Microcontroller 220 further includes a morphology discrimination module 236, a capture detection module 237 and an auto sensing module 238. These modules are optionally used to implement various exemplary recognition algorithms and/or methods presented below. The aforementioned components may be implemented in hardware as part of the microcontroller 220, or as software/firmware instructions programmed into the device and executed on the microcontroller 220 during certain modes of operation. The capture detection module 237, as described herein, may aid in acquisition, analysis, etc., of information relating to IEGMs and, in particular, act to distinguish capture versus non-capture versus fusion.
 The electronic configuration switch 226 includes a plurality of switches for connecting the desired electrodes to the appropriate I/O circuits, thereby providing complete electrode programmability. Accordingly, switch 226, in response to a control signal 242 from the microcontroller 220, determines the polarity of the stimulation pulses (e.g., unipolar, bipolar, etc.) by selectively closing the appropriate combination of switches (not shown) as is known in the art.
 Atrial sensing circuits 244 and ventricular sensing circuits 246 may also be selectively coupled to the right atrial lead 104, coronary sinus lead 106, and the right ventricular lead 108, through the switch 226 for detecting the presence of cardiac activity in each of the four chambers of the heart. Accordingly, the atrial and ventricular sensing circuits, 244 and 246, may include dedicated sense amplifiers, multiplexed amplifiers, or shared amplifiers. Switch 226 determines the "sensing polarity" of the cardiac signal by selectively closing the appropriate switches, as is also known in the art. In this way, the clinician may program the sensing polarity independent of the stimulation polarity. The sensing circuits (e.g., 244 and 246) are optionally capable of obtaining information indicative of tissue capture.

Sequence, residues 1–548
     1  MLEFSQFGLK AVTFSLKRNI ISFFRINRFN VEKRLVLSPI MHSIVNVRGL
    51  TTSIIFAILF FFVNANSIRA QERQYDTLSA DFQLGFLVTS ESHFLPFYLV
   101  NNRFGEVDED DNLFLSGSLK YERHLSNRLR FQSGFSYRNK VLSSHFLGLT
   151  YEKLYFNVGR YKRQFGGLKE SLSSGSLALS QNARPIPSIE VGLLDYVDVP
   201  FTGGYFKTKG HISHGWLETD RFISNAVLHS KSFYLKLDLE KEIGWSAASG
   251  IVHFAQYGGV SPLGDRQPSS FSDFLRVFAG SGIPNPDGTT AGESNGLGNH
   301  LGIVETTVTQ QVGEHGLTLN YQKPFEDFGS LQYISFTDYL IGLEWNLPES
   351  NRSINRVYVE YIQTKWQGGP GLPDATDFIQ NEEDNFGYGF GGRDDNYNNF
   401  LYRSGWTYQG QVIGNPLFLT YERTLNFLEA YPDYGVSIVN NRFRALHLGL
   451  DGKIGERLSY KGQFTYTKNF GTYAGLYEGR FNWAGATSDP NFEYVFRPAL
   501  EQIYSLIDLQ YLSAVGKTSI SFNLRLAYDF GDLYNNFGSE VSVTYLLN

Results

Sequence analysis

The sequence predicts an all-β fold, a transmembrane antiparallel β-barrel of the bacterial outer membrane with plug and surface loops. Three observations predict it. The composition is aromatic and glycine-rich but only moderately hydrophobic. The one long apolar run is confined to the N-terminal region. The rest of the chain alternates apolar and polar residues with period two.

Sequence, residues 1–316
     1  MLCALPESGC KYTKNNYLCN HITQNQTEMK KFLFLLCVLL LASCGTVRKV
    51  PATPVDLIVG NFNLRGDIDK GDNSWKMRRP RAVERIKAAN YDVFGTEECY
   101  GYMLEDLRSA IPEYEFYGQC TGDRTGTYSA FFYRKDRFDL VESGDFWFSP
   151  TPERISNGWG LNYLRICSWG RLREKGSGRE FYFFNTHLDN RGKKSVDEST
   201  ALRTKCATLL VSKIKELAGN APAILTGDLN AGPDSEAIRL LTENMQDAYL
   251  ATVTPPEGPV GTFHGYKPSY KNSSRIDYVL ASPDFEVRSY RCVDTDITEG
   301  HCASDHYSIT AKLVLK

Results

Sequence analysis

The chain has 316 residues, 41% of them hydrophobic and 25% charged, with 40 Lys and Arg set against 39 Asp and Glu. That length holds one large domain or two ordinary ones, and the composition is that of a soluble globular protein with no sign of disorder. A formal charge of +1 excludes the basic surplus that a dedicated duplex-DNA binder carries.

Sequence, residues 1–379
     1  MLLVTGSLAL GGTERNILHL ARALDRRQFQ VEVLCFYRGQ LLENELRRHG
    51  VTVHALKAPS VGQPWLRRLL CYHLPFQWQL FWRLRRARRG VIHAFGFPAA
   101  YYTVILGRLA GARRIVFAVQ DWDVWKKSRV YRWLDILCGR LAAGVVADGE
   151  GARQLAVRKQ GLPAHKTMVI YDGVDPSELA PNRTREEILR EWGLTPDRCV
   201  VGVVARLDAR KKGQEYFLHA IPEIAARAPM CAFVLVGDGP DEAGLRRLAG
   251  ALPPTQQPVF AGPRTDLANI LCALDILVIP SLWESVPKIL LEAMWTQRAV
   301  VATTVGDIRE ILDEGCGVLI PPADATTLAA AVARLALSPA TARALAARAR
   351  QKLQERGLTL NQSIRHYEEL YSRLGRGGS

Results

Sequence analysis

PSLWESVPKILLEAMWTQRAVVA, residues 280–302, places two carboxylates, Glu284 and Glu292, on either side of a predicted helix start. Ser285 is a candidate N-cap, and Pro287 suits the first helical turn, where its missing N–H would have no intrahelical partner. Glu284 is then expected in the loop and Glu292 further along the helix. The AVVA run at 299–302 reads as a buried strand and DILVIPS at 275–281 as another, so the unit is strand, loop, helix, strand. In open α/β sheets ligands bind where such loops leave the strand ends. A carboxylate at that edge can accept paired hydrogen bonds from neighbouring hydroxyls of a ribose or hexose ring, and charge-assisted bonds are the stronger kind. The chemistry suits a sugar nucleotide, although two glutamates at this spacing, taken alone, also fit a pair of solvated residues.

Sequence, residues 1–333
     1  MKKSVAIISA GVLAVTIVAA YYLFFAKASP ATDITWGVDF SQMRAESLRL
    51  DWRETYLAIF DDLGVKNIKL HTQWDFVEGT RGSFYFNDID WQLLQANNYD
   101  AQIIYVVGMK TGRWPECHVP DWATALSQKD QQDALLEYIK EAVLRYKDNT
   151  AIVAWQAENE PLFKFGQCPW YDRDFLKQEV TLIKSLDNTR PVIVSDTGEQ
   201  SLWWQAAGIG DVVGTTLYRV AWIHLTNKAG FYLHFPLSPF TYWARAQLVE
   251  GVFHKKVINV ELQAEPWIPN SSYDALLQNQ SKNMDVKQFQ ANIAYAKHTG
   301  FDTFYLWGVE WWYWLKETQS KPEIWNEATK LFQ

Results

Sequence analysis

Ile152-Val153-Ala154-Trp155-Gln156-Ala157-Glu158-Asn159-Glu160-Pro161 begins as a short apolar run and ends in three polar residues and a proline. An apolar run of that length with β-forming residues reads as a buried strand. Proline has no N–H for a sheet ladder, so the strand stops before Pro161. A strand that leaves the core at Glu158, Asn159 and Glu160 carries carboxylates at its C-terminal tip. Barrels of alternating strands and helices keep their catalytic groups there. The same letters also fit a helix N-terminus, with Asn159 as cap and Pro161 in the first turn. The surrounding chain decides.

Each of the sensing circuits 244 and 246 preferably employs one or more low power, precision amplifiers with programmable gain and/or automatic gain control, bandpass filtering, and a threshold detection circuit, as known in the art, to selectively sense the cardiac signal of interest. The automatic gain control enables the device 100 to deal effectively with the difficult problem of sensing the low amplitude signal characteristics of atrial or ventricular fibrillation.
 The outputs of the atrial and ventricular sensing circuits 244 and 246 are connected to the microcontroller 220, which, in turn, is able to trigger or inhibit the atrial and ventricular pulse generators 222 and 224, respectively, in a demand fashion in response to the absence or presence of cardiac activity in the appropriate chambers of the heart. Furthermore, as described herein, the microcontroller 220 is also capable of analyzing information output from the sensing circuits 244 and 246 and/or the data acquisition system 252 to determine or detect whether and to what degree tissue capture has occurred and to program a pulse, or pulses, in response to such determinations. The sensing circuits 244 and 246, in turn, receive control signals over signal lines 248 and 250 from the microcontroller 220 for purposes of controlling the gain, threshold, polarization charge removal circuitry (not shown), and the timing of any blocking circuitry (not shown) coupled to the inputs of the sensing circuits, 244 and 246, as is known in the art.
 For arrhythmia detection, the device 100 may utilize the atrial and ventricular sensing circuits, 244 and 246, to sense cardiac signals to determine whether a rhythm is physiologic or pathologic. Of course, other sensing circuits may be available depending on need and/or desire. In reference to arrhythmias, as used herein, "sensing" is reserved for the noting of an electrical signal or obtaining data (information), and "detection" is the processing (analysis) of these sensed signals and noting the presence of an arrhythmia or of a precursor or other factor that may indicate a risk of or likelihood of an imminent onset of an arrhythmia.